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Cell phones and cancer: searching for the missing link

Cell phones and cancer: searching for the missing link

It's no news that cell phones areliterally in every pocket – their number grows byhundreds of millions every year. But with that comes an alarming, but yet unproven theory: what if there is a link between cell phone use and braincancer? A recent article by the New York Times takes a deep look atthe issue from the very first tort suit against a phone maker in theearly nineties to the latest studies. The crux of the matter? In all likelihood you shouldn't be concerned, but taking precautions wouldn't hurt. Read on to find out why.



The issue gained wider publicity after a Larry Kingshow back in 1993, brought up by David Reynard from Floridaafter the death of his wife. “The tumor was exactly in the patternof the antenna,” Reynard said. A type of brain cancer that appearsin some 6,000 adults was the reason for his wife's demise and Reynardwas convinced that cell phone radiation was to blame. A civil lawsuit followed against NEC, but the Florida Circuit Court hearing thecase admitted that evidence was uncertain, while the scientifichypotheses – speculative, and eventually Reynard's claim wasrejected.



Fast forward to 2011, when phones, justlike technology in general, have moved a great deal, the same question remains: do we have any convincingevidence to establish a link between cell phone use and brain tumors?



A large-scale population survey seemsto be the best way to determine it. One of the first studies covered12-year period from 1990 to 2002 only to establish thatage-adjusted incidence of brain cancer hasn't increased. Quite theopposite, actually, it fell to 6.5 cases per 100,000 men and womenin 2002 from 7 cases in 1990, even onthe background of a dramatic increase of cell phone use.



A gigantic study dubbed Interphonetook on the task in 13 countries for ten years including 5,117brain-tumor cases and 5,634 people with no brain cancer. It wasbacked and financed mostly by the European Union along with cellphone firms, and coordinated by the WHO. The much anticipated resultsshowed no clear evidence, even worse – some of them werecontradictory, mostly due to thefact that the respondents were asked to fill in their previous daily cellphone as per their memory.



But disproving a link between increasedcell phone use and brain cancer based on such a survey would also bea mistake as a phone might have an elusive rather than direct carcinogenic effect, whichmight develop into a tumor after much longer period like 20 year.Non-ionizing radiation - the one coming from cellular phones ormicrowaves - doesn't directly damage human DNA, but has some subtleeffects. Increasedbrain-glucose activity in the area of the brain just next tothe antenna of the phone is one of them, but that's still far frombrain cancer. Glucose is a suger serving as a metabolic brain fuel, but its increasecould also happen as you turn on your favorite tune or if somethinginvokes a dulcet memory. Actually, even in the case of a simplevisual response the glucose burst is much more dramatic, but that inno way means that looking at objects causes cancer, according to arecent study published in The Journal of the American MedicalAssociation.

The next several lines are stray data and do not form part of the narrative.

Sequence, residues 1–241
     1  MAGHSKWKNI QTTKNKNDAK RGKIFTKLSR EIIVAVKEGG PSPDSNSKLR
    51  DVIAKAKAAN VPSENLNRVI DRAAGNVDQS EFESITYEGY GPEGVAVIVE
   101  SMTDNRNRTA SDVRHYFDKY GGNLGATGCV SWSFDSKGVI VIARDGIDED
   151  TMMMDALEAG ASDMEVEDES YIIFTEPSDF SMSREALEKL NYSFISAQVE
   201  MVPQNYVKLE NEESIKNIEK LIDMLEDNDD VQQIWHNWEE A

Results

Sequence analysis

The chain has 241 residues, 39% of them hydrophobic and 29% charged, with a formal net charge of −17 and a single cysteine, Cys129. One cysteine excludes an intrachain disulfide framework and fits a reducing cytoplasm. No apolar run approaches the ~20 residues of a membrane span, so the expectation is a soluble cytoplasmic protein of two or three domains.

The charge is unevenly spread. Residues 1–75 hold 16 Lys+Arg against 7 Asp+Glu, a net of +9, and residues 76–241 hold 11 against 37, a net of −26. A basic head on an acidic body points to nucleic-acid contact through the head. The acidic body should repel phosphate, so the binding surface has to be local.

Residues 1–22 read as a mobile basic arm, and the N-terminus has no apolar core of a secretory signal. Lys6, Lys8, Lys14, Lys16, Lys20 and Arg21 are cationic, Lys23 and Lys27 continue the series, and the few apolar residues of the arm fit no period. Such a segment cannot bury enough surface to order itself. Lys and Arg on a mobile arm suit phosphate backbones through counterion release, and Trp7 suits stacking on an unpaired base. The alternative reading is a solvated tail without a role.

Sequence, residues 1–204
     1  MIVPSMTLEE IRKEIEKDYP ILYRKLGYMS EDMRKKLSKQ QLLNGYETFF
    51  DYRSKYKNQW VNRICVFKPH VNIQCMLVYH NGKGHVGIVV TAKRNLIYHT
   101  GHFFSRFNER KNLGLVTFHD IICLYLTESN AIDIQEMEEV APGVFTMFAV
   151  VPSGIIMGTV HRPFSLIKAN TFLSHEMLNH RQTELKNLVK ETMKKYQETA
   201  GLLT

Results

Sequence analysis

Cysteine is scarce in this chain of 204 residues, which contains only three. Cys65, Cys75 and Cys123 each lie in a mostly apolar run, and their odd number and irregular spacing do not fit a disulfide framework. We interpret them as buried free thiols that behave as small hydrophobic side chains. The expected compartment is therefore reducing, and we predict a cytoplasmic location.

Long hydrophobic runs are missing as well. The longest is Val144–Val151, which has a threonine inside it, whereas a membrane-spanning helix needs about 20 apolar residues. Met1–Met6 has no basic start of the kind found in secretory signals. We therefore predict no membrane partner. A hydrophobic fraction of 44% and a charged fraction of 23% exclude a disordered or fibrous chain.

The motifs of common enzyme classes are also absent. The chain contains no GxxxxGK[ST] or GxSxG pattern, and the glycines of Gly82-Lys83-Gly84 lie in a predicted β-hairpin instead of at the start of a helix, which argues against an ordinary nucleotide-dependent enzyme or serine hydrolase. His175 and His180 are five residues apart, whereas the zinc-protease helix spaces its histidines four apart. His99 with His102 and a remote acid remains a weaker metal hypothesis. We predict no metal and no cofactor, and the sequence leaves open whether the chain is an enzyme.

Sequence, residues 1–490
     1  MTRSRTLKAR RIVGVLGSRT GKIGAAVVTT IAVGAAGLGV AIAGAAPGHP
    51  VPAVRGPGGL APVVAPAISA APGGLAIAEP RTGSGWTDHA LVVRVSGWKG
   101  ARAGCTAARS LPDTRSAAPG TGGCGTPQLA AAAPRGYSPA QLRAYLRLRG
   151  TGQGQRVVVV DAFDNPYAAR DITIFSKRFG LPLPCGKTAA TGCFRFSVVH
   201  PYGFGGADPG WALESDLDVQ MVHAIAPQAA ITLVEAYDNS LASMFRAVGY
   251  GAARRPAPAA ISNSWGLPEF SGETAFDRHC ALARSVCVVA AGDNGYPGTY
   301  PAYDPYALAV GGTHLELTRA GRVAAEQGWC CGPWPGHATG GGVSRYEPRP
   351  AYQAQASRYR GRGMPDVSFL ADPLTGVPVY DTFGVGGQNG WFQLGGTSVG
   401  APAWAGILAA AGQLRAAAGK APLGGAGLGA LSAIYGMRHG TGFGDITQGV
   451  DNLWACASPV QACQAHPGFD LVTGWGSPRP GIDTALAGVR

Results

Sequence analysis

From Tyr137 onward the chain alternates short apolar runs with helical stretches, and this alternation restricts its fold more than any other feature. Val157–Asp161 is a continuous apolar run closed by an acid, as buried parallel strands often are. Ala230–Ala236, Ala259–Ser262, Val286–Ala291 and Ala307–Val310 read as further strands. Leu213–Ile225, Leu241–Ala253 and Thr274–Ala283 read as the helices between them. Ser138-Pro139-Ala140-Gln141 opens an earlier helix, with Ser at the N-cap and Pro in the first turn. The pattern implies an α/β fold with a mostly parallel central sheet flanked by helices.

Unfortunately, gaining further evidence has proven hard to finddue to the sparse nature of our exposure and varying cell phone use. To limit the risk, though, we can always try to reduce calls to under 10 minutes or use a Bluetooth headset if we plan on spending more than an hour per day on the phone is a first step. Keeping the phone away from the body and not using it in a car without an external antenna should decrease radiation exposure. Finally, radiation hazard is higher in children, so keeping them away from using cell phones is definitely a good idea. The bottom lineis that there is no conclusive evidence that cellular phonescause cancer. Inthe future, if companies release phone-log data, we might be closerto knowing the truth, but meanwhile the only thing left to do isexercising caution.



source: NYTimes, Wikipedia and Electroschematics




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